Good news, bad news | Investigator’s opinion

It may seem difficult to understand recent economic developments. While foreign trade and manufacturing output rebounded in April from a year ago, unemployment worsened during the same period. Some economists have become optimistic about the Philippines’ economic outlook, but the World Bank (WB) lowered its growth forecast for this year last week.

World Bank senior economist Kevin Chua said the Philippines’ rebound this year is likely to be around 4.7%, lower than the WB’s previous projection of 5.5% and the 2021 target of the Duterte administration from 6.0 to 7.0%.

Perhaps all of these developments indicate that the economy remains in a precarious position. Everyone seems to agree that unless the COVID-19 pandemic is contained by mass vaccination to allow for a wider reopening of the economy, the recovery will never take place this year. A positive development in this regard has been the arrival of millions of vaccines in the past few days, with more on the way in the months to come.

Trade and Industry Secretary Ramon Lopez welcomed the foreign trade figures, saying the latest export data shows the country is steadily recovering from the negative impact of the pandemic and the figures were better than pre-pandemic levels.

The 72% increase in April was the second consecutive month of year-on-year growth after the 33.3% jump in March. The spike is believed to be due to the government allowing exporters to operate at full capacity even during the strict, enhanced community quarantine.

Imports, on the other hand, jumped 140.9% to $ 8.45 billion last April, a reversal of the 62.9% drop recorded in the same period last year. The big jump in raw material imports indicates further export growth in the following months, as these imported inputs are typically components for electronics, the country’s main source of dollar income.

Another source of optimism for Lopez was the year-over-year doubling of imports of manufacturing inputs, a sign that local manufacturing was intensifying. The Philippines Statistics Authority said earlier that the production volume index – an indicator of factory output – returned to 162.1 percent year-on-year growth in April.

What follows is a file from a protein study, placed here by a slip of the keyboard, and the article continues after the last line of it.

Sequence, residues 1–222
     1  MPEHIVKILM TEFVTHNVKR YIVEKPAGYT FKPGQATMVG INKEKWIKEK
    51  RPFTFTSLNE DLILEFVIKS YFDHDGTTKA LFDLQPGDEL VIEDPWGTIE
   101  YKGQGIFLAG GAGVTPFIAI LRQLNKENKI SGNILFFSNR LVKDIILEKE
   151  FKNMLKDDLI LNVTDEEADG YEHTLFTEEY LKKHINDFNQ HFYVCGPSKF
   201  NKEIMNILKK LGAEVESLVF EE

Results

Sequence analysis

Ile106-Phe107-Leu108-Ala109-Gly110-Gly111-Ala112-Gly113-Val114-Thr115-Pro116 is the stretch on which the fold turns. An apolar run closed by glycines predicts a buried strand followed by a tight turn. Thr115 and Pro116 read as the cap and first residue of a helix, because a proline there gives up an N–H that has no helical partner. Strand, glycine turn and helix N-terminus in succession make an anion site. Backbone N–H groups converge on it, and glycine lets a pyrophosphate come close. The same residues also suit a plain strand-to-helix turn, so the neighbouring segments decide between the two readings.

On the other hand, there was the bad news. A new round of stricter closures beginning in late March in areas making up half of the economy pushed the unemployment rate to 8.7 percent in April, the equivalent of 4.14 million unemployed Filipinos, including one fifth in Metro Manila. The unemployment rate the previous month was 7.1%. Compared to 2020, the unemployment rate last April was a substantial improvement from the record unemployment rate of 17.6 percent – equivalent to 7.23 million Filipinos – from mid-March to May of l ‘last year, when 75 percent of the economy was at a standstill due to the region’s tightest containment.

President Duterte’s economic team described April’s unemployment rate as a temporary reversal of first-quarter employment gains, indicating the strong link between labor market performance and the level of quarantine restrictions. Some 2.1 million jobs, mostly in construction, agriculture, and wholesale and retail trade, were lost between March and April this year after Metro Manila and neighboring provinces returned to a more severe lockdown. The loss of jobs is clearly the main victim of the prolonged restrictions on mobility and economic activities. Higher unemployment, in turn, pushes more families into poverty.

Improving the rate of job creation is crucial in the country’s recovery effort this year. However, Under Secretary of Finance and Chief Economist Gil Beltran acknowledged that while the continued rebound in foreign trade and indications of expanding manufacturing activities are signs of green shoots, the downside risks posed by COVID remain. -19. Beltran and other experts inside and outside government are unanimous on one thing: the key to restoring and sustaining economic growth is to manage the spread of the virus and its risks.

Thus, whether the resumption of foreign trade and manufacturing – and other economic activities for that matter – will be sustained and gain sufficient momentum will depend on the relaxation of quarantine restrictions, which in turn depends on the success of the government. in containing the pandemic. The economic recovery from the worst economic implosion the country has seen since the war depends mainly on the success of the immunity of the population or the vaccination of some 70 million Filipinos as soon as possible.

As the World Bank’s Chua put it: “The main policy challenges are to manage the pandemic, to effectively provide social protection and to mobilize the sector’s participation in the recovery. There is still a long way to go to make this happen, and time is running out.

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About Vicki Davis

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